I am thrilled to be joining OPNFV as its Director of NFV working directly with those who are committed to advancing open source NFV for all. I am excited about this organization, this technology, this community, and what the future holds for NFV.Let me explain what lead me to OPNFV.
I am looking for an alternative fs to mhddfs for installation on a couple of my debian machines. I have multiple hard drives installed that I would like to take the partitions from each and mount them as 1. Mhddfs was working exactly to what I was needing, except doing alot of file transfers via rsync and downloads, the mount was crashing very frequently. It would just throw up a "transport endpoint not connected" error, which I would either have to reboot or umount / mount the path again. Lacking so much stability I finally symlinked everything to multiple drives for now until I can find a better solution.
What I would like, is to take each partition, mount them together as 1 path. It should be able to know when a drive or partition is full, and then place the files on the next drive. Not looking for raid or redundancy, just unified storage. Looked at unionfs and aufs, but neither look to do really what I am wanting, unless I'm not understanding what they do exactly. Thanks in advance.submitted by onezero1010101
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(edit: please pardon the typo in the title -- it's supposed to be FHS)
As far as I can tell, LUKS and other disk encryption approaches are primarily intended to keep data private -- to keep others from reading the data. I also hear from local Information Assurance (IA) folks that full-disk encryption is greatly preferred.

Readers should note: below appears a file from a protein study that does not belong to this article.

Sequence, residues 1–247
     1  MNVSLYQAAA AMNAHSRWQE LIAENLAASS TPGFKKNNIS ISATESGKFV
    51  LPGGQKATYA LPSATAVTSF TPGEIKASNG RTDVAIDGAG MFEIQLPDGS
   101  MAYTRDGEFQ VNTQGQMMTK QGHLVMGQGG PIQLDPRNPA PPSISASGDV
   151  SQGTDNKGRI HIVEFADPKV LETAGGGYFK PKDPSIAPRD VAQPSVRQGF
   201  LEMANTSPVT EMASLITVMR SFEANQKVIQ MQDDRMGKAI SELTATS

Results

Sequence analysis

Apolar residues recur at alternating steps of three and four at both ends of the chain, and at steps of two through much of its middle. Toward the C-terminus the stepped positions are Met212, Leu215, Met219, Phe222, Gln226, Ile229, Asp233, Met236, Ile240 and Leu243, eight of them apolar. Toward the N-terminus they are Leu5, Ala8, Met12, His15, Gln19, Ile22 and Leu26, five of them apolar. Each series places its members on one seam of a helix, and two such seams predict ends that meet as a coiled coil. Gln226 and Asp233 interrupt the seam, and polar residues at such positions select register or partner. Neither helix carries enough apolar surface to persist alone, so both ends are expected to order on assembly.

When I look at the FHS (Wikipedia link -- easy to read), it seems that the following would be relatively static, and generally uninteresting from a security viewpoint:
- /bin - Essential command binaries that need to be available in single user mode; for all users, e.g., cat, ls, cp.
- /boot - Boot loader files, e.g., kernels, initrd.
- /lib - Libraries essential for the binaries in /bin/ and /sbin/
- /root - Home directory for the root user.
- /sbin - Essential system binaries, e.g., init, ip, mount.
So, my question is, does it really make sense for the above directories to be encrypted? It seems like that would make recovery more difficult. The only positive that I can think of is that having them encrypted helps protect them from being modified when unmounted.
Maybe I'm not paranoid enough?submitted by pfp-disciple
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I created an interactive and non-interactive version for updating your Linux system as well as logging actions for debugging purposes. At the moment, the only one I have bothered to make is for the Ubuntu distro. I plan to create a version for every major distro down the road.
The scripts will be posted on my GitHub and the distros will be separated by branches. Any comment, suggestions, etc. are welcome and considered but please be respectful about it. I linked to the wiki so please read that first.submitted by drhile
We all know how horrible Flash is on GNU/Linux and how even more terrible is the Twitch.tv player. To help avoid it I've recently made a handy python application that can either sit in the can background and notify when a channel you follow goes offline or online, or check for all offline/online channels a user follows, or check if one specific channel is online or offline. Also, I've made a AUR package so if you are on Archlinux then you can easily grab it. The package name is "twitchnotifier-git".
There are still some things left to do, though, to fully avoid going to Twitch.tv. In my plans I have to make TwitchNotifier write all online channels to some file and make some add-ons for various IRC clients to make them join those channels on irc.twitch.tv which are online.
You can find the source code on https://github.com/GiedriusS/TwitchNotifier and the AUR package info is here: https://aur.archlinux.org/packages/twitchnotifier-git/.
Btw, you can watch those streams on your computer without flash using livestreamer. All patches are welcome. Let me know what you think or maybe you can suggest some other tools to make a twitch.tv viewers' experience better on GNU/Linux. Thanks.
I think this tool could be especially useful for minimalistic setups where you don't want to run a browser with twitch.tv in it and periodically check for followed channels. I've been adding new features recently so there may be bugs. If you hit one please report and use the first version in the mean time. Note that there is no AUR package for the first version, only -git.submitted by Giedrius_